I had a similsr problem with one of my raised beds. Too much organic material (such as decomposed woodchips) in a bed makes it gain an epic hydrophobic character when it dries out completely. What I did for my beds;
Always had a thick layer of mulch during the season.
Installed drip irrigation and let it drip for days.
When the summer season was over, I added some dirt over the beds and mixed it throughly. I have clay soil, so I added a layer of clay into the mixture. I guess vermiculite would also work for that case.
Kc Simmons wrote:
One thing I noticed was the runners came up quickly and started producing in early spring, while the long beans were slow to get going but, when it got hot and the runners slowed down, that was the same time the long beans started going strong so, between the two, I have had a steady supply of green beans during the growing season.
This is a very pleasant discovery for me too I missed the spring season, because I was building the beds, But I am looking forward for the fall season.
Michelle Heath wrote:
Off-topic, but my great-grandfather was born in Turkey, moved to Germany, and immigrated to the US when he was ten. I've always been curious about the area.
I bought most of the seeds from Baker creek.
It is hard to describe this country. So many cultures, people, traditions mixed together. So many climates - zones too. Hope you will have a chance in the future to visit.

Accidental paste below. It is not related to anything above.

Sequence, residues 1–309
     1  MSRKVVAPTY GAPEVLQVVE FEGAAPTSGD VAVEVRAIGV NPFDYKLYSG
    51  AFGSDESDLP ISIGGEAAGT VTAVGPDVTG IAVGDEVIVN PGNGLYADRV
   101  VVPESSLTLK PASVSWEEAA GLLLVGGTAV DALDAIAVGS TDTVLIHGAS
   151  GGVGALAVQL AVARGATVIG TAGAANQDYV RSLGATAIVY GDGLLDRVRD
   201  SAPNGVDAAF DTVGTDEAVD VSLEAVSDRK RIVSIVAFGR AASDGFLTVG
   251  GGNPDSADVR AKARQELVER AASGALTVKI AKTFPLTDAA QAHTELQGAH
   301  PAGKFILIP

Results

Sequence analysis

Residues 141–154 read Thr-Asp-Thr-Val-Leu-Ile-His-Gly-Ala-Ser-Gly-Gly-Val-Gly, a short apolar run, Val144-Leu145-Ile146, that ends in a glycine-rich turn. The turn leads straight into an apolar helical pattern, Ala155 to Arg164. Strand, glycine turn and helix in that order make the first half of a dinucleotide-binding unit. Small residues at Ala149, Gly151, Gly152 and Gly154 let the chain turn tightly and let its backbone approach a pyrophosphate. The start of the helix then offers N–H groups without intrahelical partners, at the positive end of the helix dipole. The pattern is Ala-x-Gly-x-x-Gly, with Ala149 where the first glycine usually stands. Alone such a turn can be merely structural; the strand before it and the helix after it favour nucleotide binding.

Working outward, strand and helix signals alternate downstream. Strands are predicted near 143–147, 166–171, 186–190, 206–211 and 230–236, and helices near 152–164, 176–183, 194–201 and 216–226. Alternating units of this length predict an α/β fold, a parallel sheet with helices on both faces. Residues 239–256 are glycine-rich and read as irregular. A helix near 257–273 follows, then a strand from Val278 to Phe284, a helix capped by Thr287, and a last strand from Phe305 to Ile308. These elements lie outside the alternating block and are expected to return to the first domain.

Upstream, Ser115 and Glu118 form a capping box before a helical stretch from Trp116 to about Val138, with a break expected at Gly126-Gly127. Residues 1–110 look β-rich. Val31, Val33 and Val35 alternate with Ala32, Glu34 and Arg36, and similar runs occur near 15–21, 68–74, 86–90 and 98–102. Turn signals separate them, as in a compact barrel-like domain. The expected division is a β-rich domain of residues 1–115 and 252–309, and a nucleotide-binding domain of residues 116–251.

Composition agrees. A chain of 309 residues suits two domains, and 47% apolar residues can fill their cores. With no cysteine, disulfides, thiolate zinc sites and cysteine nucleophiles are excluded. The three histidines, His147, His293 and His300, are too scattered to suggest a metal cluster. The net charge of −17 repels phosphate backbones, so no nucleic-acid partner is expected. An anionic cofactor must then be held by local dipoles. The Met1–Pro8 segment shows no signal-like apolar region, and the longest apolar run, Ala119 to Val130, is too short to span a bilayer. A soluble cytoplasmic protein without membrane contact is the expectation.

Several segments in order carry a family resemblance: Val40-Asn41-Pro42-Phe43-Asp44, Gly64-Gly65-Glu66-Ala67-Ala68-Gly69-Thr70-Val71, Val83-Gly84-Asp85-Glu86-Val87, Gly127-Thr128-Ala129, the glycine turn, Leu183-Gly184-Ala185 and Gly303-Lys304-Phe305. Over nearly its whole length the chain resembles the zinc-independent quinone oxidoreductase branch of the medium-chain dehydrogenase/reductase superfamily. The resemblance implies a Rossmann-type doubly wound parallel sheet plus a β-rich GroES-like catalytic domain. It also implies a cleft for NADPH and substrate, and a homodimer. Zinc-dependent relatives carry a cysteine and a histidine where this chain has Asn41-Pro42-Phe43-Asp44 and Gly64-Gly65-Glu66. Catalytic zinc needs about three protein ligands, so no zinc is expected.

Terraces are performing as they were intented. No drainage problems, no excessive settlements. No fertility issues. No landslides,
Here is the one that I built 2 years ago, covered withbeans and tomatoes.
And this is the mid july picture of the terrace that was built this year during covid-19 lockdown. As of 9th of august, Corn is taller then me with some 2-3 ears, peppers and eggplants are covered with fruits, snake beans are performing very well, scarlet runner beans are suffering from heat. Pupmkins and squash are doing good also, considering that this is the first time that I am growing these varrities.
A little update:
So 8 months ago I ordered seeds, some lost on the way. These are what I was able to receive, and their mid season performances
Candy Roaster - North Georgia Squash = most vigorous squash among others, easier to grow. I have 5 squashes by 2 plants, 3 of which are 10+ pounds. I did not taste it yet. Apparently you need to keep them stored for taste improvement. But I am going to cook smallest one just to see how it tastes. It got covered with powdery mildew, but somehow made it through. I am going to plant it next year too.
Honey Boat Delicate Squash = nice plant but got decimated by powdery mildew in mid season. I was able to get one squash out of 4 plants. Not very encouraging. Made a taste test, it was the most bland squash I have ever tasted. Something to do with my conditions. Will try to grow it again next year, just to give it a second chance. Seeds are saved.
Gete Okosomin Squash = nice plant. Got decimated by powdery mildew. No fruits, no nothing
Buen Gusto de Horno Squash = best resistance against powdery mildew. I have one small fruit and one medium size on the way. I saw the pictures and its appearance is the reason that made me go "why not". It sure looks weird.